What is happening these days?

Not much I must say. Lennon continues to be on the breathing tube. He, after coming of the antibiotics, had developed a fever again, and his belly began to swell. The c.diff had waxed and waned. These days, his vent settings are lower, his belly size remains stable, his feeds have started again. However, when Lennon is on his right side (the problem lung) Lennon's heart rate and blood pressure will indicate that he is not happy in his state of sedation. They TPA'd the chest tube, and he put out almost a liter and afterward required a blood transfusion. They are now using TPA every twelve hours to bust up any clogs/clods in the chest tube so that he can continue to get rid of the fluid.

His vent settings are being lowered so that he can come of the breathing tube. If everyone is happy with the settings, doctors, respiratory therapist and mostly Lennon, then they will take him of the breathing tube. This could happen by Friday, provided all goes well, or it could be at the beginning of the week. Keeping in mind that Lennon, in his history has not made use of the "right settings the health professionals seem fit to use". Lennon does what Lennon wants, when Lennon wants it.

This is all I have for now.

We call them Lennon steps ...

... and not baby steps.

I haven't posted in awhile because there really hadn't been any changes that were worth talking about. Today we have progress!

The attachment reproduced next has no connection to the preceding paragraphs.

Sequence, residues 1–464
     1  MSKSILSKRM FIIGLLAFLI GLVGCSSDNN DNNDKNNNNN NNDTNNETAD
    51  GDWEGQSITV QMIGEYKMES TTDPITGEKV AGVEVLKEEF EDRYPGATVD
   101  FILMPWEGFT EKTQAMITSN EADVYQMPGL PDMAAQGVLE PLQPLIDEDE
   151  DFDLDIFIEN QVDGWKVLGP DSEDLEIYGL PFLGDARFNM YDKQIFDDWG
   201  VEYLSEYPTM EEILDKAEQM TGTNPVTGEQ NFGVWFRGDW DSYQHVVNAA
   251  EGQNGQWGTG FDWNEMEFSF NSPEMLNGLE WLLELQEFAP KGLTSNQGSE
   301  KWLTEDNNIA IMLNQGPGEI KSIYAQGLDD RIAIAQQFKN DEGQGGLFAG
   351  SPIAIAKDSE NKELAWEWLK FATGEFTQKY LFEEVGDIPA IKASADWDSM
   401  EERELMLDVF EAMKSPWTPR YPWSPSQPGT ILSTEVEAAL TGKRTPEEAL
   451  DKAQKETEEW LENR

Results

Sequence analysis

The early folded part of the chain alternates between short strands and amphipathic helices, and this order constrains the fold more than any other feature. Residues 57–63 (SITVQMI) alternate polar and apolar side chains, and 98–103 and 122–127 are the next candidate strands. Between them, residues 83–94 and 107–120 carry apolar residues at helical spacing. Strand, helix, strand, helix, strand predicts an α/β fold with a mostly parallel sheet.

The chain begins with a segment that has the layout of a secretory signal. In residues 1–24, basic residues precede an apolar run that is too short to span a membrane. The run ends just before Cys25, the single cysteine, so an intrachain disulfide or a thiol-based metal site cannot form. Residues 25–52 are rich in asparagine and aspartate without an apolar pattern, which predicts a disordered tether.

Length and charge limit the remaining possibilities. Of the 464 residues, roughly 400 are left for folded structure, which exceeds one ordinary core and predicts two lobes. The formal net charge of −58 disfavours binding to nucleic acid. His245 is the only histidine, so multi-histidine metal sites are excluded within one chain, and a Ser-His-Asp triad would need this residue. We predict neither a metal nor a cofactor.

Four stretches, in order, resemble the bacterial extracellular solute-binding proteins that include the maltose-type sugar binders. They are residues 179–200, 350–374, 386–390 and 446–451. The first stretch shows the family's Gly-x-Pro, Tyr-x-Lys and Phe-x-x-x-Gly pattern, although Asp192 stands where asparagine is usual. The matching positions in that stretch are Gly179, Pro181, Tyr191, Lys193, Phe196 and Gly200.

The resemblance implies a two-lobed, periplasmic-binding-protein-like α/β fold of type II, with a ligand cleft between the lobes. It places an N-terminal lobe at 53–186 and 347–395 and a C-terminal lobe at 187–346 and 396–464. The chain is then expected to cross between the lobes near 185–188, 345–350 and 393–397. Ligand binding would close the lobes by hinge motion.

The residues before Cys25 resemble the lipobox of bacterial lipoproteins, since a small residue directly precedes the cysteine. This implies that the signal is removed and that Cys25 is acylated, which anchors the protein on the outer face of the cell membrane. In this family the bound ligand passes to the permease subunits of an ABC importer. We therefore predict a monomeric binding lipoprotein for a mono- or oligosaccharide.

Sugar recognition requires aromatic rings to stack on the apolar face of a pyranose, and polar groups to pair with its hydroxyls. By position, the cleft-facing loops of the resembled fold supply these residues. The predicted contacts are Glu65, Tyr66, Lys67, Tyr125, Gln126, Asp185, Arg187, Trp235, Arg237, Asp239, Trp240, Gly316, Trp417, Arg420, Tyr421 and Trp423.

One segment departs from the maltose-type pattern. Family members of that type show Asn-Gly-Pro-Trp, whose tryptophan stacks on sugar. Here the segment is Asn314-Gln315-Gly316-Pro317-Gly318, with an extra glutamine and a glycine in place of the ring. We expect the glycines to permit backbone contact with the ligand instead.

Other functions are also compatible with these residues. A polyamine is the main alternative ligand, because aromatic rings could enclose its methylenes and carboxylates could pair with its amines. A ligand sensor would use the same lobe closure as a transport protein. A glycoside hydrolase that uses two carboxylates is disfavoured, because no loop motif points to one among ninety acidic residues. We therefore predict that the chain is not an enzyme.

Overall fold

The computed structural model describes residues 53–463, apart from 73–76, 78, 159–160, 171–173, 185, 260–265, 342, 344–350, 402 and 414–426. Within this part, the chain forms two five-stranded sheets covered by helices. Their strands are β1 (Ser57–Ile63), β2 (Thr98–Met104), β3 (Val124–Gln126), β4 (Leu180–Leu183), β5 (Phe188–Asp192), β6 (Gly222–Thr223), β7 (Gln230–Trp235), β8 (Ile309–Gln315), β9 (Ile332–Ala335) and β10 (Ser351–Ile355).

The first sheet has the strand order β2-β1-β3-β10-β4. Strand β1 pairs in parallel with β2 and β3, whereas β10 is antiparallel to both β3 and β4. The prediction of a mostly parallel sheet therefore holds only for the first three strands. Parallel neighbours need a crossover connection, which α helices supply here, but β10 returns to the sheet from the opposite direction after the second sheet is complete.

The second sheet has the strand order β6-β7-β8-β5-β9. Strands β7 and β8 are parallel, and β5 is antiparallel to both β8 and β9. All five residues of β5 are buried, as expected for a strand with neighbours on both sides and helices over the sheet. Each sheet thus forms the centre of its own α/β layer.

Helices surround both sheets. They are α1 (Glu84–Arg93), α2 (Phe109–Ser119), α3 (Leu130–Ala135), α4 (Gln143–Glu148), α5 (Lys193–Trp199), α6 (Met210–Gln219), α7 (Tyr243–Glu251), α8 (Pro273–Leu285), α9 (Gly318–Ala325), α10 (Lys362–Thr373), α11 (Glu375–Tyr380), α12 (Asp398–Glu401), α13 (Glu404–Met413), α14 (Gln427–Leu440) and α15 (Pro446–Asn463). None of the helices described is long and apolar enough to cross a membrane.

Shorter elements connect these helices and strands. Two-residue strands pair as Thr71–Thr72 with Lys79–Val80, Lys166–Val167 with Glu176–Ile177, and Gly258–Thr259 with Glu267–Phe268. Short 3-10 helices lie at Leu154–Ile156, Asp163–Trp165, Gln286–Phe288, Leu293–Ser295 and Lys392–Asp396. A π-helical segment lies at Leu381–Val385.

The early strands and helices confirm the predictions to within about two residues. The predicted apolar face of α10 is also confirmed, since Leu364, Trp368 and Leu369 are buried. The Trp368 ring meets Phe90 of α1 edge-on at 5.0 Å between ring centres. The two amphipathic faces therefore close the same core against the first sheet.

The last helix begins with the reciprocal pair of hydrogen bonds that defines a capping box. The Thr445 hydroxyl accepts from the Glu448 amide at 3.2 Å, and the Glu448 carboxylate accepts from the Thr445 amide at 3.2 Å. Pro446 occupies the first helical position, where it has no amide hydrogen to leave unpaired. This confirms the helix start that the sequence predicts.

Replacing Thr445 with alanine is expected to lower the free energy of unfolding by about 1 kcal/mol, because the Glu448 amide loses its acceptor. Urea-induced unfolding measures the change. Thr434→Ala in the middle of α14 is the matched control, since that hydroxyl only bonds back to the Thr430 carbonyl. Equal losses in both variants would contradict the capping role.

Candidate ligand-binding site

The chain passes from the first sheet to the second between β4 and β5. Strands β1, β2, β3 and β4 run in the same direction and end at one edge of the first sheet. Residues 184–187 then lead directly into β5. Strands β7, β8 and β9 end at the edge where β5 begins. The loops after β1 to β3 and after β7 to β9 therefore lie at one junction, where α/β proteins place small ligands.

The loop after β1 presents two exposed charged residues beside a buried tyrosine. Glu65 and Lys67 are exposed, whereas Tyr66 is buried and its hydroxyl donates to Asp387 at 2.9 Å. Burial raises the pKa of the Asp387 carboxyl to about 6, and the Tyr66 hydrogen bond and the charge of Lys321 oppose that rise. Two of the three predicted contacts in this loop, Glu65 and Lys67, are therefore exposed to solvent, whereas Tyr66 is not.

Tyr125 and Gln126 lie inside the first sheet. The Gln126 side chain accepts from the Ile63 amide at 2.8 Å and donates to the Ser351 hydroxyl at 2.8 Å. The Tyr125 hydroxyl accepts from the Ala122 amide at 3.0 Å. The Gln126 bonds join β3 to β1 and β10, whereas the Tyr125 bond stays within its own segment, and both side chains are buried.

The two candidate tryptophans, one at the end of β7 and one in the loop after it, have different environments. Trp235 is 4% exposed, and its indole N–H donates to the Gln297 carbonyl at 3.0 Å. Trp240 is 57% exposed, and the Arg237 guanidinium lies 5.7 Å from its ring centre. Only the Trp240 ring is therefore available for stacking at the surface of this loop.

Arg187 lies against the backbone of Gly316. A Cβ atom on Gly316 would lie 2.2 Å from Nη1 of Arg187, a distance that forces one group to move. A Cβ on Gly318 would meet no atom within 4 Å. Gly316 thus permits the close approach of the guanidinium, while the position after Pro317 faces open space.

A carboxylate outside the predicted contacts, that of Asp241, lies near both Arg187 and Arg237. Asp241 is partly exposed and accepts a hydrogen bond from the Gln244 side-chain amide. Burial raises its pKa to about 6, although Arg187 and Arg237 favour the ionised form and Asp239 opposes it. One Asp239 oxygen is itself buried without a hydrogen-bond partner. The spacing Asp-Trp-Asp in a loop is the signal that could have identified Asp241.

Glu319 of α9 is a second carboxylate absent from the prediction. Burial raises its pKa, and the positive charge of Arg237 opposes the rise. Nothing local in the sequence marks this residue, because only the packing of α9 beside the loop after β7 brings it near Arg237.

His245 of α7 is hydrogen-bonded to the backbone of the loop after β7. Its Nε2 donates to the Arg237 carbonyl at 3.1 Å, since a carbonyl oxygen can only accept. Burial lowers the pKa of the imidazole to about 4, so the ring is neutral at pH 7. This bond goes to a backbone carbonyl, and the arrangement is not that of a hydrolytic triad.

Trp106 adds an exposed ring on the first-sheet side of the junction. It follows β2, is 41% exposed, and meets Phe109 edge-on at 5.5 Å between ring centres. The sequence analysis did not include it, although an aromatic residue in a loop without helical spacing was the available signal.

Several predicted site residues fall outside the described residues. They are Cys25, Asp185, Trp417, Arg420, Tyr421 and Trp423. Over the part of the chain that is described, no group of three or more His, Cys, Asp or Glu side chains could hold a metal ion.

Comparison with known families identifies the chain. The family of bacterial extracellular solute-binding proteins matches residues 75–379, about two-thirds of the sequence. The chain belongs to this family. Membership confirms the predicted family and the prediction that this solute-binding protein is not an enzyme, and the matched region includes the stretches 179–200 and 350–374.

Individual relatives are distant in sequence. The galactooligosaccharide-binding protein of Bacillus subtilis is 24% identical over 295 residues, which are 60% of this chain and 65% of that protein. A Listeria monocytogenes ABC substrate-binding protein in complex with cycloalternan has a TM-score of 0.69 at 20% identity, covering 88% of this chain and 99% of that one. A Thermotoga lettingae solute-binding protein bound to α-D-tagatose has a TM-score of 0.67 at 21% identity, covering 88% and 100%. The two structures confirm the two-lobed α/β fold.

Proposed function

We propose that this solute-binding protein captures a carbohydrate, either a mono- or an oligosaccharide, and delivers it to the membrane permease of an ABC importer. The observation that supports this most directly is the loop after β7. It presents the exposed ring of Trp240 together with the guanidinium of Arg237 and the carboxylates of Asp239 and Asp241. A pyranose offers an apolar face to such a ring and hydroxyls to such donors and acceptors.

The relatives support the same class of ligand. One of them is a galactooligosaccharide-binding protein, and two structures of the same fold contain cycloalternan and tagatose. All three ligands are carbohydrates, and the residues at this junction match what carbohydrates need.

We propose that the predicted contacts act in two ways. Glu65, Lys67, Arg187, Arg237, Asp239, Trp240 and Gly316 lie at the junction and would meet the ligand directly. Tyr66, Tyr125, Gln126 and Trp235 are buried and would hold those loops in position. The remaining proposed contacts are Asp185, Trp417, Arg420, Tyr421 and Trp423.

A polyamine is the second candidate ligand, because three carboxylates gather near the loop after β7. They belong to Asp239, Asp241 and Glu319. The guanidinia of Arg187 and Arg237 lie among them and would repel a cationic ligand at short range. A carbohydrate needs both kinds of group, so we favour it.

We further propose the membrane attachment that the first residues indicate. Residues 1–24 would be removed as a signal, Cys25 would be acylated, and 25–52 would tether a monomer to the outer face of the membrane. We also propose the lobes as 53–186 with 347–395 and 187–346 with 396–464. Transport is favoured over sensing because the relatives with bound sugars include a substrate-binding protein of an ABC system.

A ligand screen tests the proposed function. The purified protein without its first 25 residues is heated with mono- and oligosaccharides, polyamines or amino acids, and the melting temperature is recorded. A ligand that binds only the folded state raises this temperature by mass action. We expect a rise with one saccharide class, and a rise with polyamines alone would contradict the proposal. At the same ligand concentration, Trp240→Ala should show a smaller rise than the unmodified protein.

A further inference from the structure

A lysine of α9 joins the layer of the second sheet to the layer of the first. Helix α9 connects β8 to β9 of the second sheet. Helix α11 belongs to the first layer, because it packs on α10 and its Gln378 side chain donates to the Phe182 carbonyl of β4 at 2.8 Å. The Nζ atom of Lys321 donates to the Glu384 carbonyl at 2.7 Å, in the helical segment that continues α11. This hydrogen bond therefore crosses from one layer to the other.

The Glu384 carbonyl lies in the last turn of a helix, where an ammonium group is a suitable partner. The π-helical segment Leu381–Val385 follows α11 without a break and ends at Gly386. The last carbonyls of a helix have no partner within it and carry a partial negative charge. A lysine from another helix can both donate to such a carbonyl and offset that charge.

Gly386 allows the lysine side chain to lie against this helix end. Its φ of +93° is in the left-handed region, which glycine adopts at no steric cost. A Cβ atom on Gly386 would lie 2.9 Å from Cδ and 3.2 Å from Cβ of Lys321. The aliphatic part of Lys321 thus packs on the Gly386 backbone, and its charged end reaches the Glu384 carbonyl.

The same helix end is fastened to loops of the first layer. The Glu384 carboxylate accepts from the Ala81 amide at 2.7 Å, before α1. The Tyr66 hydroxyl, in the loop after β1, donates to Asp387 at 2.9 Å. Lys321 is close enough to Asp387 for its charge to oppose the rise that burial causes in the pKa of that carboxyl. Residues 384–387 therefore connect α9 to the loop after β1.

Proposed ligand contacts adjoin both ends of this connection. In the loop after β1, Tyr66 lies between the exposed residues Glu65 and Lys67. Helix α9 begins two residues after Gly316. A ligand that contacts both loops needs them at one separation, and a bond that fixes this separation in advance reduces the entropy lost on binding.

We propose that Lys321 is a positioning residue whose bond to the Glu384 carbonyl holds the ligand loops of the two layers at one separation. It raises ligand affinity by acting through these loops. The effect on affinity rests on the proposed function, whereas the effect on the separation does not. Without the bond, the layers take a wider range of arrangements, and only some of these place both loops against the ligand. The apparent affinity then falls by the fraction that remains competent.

Lennon looks skinny (again) as most of the fluid has gone. He appears to be more awake as they have changed some of his sedation medications and starting on some withdrawal medications ~ beat it before it starts kind of thing. His belly was at 65.5 cm yesterday, but this morning is back to 68 cm, which is where it was three days ago. One reason for this is that he has not gone to the bathroom for some time and might need some milk of magnesia or something to help him out. He has been receiving continues feeds and up until last night did ok urinating and having stools. He did run a slight fever that went away on its own and that could also be a withdrawal symptom. his white blood cell count looks good this morning indicating there is no infection, but as a precaution they did send some cultures out last night.

I have been trying to stay busy as this waiting patiently can be quite nerve wrecking. I have hopes that Hippie's Creations can take off a little bit better as I now offer soap and candles (though pics of the candles have not made it up to the website). I also keep busy with class work and going to work. I am able to spend every other night at home with my other kids, and that has taken off some of the waiting game issues. When I decided I was going to expand on my business, part of me thought I was nuts...what more do I want to take on? However, I have learned from the first 3.5 months in the hospital that keeping busy can help you keep sane to some extent. While every part of me wants to sit with Lennon every second of the day, for my own well being and keeping strong for Lennon that is unreasonable. It is the reality of that "Life goes on". The world doesn't stop when one is sick and one does the things that need to be done. I had post-poned discussing this aspect but realize again that this is soo much part of taking care of Lennon and us coping with his illnesses, being there for him, while we continue to go on with the rest of normal life activities.